The nontraditional students were aware of and comfortable with conducting client teaching about sensitive subjects. Again, their previous life experiences and comfort in the use of communication skills may have been contributing factors. These students' ability to teach areas of sexuality such as self-breast and selftesticular examinations may be attributed to their own sexual development and maturity based on life experiences. The traditional students, who were still in the later stages of adolescence or early adulthood, may have been striving for sexual maturity and thus were uncomfortable not only with their own sexuality but also with the sexuality of others.

Table

FIGURE 2Examples of Goals Identified by Nontraditional and Traditional Beginning Nursing Students

FIGURE 2

Examples of Goals Identified by Nontraditional and Traditional Beginning Nursing Students

The nontraditional students' greater awareness of their own emotions, especially of empathy for the client, may be attributed to their ability to look outside themselves and to focus on the client and contextual influences on the client. Life experiences also may have played a role. Although the traditional students did not voice a noticeable increase in awareness of their own emotions, this may have been the result of continued emphasis, and perhaps anxiety, regarding basic skills.

In the area of weekly goal identification, the traditional students were more consistent than the nontraditional students. This was surprising because the nontraditional group was more self-directed and, based on that finding, they should have been more consistent in writing goals. One can only speculate on the possible reasons for this finding. Perhaps goal identification represented a more concrete type of thinking and nontraditional students may have viewed it as busy work, or the structured nature of writing goals may have been limiting to them, or perhaps they had not had previous experience with this and found it difficult.

Conclusion

With the increase in nontraditional students enrolling in nursing programs and the increasing need for graduate nurses who are independent, critical thinkers able to provide competent professional nursing care, it is imperative that faculty acknowledge individual learning needs and promote self-directed learning. The results of this study indicate that the use of the log in clinical teaching is one method for acknowledging students' previous experiences and ways of thinking.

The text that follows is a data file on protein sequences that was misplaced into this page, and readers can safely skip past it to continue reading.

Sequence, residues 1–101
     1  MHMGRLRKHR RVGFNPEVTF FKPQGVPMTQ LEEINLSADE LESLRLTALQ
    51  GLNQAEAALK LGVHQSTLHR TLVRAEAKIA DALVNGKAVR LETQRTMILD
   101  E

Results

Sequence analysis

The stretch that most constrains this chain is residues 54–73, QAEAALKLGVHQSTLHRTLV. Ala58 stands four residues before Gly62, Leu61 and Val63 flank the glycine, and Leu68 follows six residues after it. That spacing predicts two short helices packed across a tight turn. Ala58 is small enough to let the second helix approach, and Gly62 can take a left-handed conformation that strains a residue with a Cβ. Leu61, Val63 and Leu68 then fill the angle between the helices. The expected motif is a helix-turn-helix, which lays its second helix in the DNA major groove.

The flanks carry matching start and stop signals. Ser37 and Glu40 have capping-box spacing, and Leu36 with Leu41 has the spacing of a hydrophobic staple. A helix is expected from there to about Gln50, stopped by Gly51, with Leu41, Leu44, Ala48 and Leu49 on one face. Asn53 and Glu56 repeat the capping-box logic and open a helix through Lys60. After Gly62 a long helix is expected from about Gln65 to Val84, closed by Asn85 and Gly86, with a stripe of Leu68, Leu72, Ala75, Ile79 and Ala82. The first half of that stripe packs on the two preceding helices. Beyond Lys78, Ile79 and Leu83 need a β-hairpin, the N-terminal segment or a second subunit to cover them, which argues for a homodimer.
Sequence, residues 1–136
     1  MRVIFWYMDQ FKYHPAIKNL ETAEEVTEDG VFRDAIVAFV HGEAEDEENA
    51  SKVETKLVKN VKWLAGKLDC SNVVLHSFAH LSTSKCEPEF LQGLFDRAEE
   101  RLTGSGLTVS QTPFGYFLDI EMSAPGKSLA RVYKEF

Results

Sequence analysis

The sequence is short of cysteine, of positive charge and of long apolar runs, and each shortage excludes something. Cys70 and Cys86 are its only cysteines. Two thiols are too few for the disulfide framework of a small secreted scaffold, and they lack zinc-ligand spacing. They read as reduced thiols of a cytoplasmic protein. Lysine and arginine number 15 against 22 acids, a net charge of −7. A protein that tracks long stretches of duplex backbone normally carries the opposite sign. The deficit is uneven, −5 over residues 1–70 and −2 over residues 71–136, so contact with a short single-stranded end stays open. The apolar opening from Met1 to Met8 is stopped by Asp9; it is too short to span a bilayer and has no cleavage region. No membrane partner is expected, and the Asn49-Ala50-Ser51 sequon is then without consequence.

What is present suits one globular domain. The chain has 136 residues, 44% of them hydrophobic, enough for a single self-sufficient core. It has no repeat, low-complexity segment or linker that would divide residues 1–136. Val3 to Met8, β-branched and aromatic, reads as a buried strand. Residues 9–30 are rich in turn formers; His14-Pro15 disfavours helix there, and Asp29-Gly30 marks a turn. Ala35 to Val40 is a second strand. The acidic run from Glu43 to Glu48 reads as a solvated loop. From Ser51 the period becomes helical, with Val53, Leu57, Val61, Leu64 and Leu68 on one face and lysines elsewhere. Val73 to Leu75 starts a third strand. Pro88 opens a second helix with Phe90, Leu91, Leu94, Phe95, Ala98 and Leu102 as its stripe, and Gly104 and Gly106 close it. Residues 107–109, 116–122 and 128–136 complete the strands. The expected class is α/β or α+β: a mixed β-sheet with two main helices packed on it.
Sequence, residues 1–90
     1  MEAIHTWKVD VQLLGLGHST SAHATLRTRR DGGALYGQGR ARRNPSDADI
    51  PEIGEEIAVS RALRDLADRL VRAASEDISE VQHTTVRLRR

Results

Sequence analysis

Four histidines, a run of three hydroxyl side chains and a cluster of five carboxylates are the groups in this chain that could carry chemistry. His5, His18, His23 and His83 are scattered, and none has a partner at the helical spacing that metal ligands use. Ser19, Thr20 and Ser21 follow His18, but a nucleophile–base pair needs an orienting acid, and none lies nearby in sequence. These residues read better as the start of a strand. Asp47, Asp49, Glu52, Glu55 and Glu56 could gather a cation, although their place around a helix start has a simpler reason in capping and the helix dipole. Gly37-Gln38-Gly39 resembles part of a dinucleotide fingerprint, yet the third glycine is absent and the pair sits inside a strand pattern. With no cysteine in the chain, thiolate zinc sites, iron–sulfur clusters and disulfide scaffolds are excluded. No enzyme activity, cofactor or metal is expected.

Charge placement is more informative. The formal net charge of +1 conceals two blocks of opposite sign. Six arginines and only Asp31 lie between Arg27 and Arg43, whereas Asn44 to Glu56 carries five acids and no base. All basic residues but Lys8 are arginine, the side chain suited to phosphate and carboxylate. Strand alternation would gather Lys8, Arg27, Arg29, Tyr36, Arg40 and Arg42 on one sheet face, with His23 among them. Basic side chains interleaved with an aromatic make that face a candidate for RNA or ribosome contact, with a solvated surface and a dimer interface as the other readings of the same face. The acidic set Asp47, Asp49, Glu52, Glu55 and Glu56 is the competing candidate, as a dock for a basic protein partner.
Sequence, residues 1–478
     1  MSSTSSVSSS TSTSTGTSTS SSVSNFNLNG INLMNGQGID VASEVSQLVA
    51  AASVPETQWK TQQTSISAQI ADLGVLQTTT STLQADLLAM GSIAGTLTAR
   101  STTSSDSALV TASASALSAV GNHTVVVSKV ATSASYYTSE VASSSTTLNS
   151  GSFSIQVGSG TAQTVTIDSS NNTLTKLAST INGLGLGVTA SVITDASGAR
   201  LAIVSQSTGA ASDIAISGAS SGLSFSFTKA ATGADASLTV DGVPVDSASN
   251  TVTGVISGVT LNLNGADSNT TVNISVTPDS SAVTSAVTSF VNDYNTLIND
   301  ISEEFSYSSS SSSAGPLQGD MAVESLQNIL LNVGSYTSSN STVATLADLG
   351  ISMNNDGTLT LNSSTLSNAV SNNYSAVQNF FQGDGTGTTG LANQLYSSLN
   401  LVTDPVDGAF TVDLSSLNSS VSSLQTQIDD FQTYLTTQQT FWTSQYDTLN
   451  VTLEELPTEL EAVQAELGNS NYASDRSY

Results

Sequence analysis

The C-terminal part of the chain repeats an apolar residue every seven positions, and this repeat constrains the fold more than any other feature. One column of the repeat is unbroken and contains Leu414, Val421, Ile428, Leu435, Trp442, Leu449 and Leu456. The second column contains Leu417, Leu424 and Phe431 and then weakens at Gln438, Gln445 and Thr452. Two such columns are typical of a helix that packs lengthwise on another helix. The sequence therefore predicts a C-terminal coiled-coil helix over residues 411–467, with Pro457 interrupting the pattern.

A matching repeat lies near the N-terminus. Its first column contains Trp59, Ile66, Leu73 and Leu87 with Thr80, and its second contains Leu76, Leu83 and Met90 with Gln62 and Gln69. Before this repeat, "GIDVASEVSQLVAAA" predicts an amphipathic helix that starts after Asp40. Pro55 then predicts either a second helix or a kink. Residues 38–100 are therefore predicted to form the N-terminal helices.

The clinical log can:

* provide an opportunity for student self-reflection on learning needs;

* facilitate communication/dialogue with students to foster student- teacher relationships;

* place responsibility with the student for active engagement in self-directed learning, thereby empowering the student; and

* increase self-confidence by enabling students to identify their own loci of motivation.

As faculty learn to incorporate alternative pedagogies into the traditional curriculum, they will be more comfortable with the challenge of acknowledging students' life experiences and ways of thinking and will be able to better assist beginning nursing students in identifying learning needs during their first clinical nursing experience.

References

  • Bueche, M. (1986). Re-entry women in the baccalaureate nursing programs: The achievement of selected developmental tasks. Journal of Nursing Education, 25, 15-19.
  • Miles, M., & Huberman, M.A. (1984). Qualitative data analysis. California: Sage.
  • Seidl, A., & Sauter, D. (1990). The new non-traditional student in nursing. Journal of Nursing Education, 29, 13-19.
  • Spradley, J. (1979). The ethnographic interview. New York: Holt, Rinehart & Winston.

FIGURE 1

Learning Needs Identified by Beginning Nursing Students

FIGURE 2

Examples of Goals Identified by Nontraditional and Traditional Beginning Nursing Students

10.3928/0148-4834-19920101-07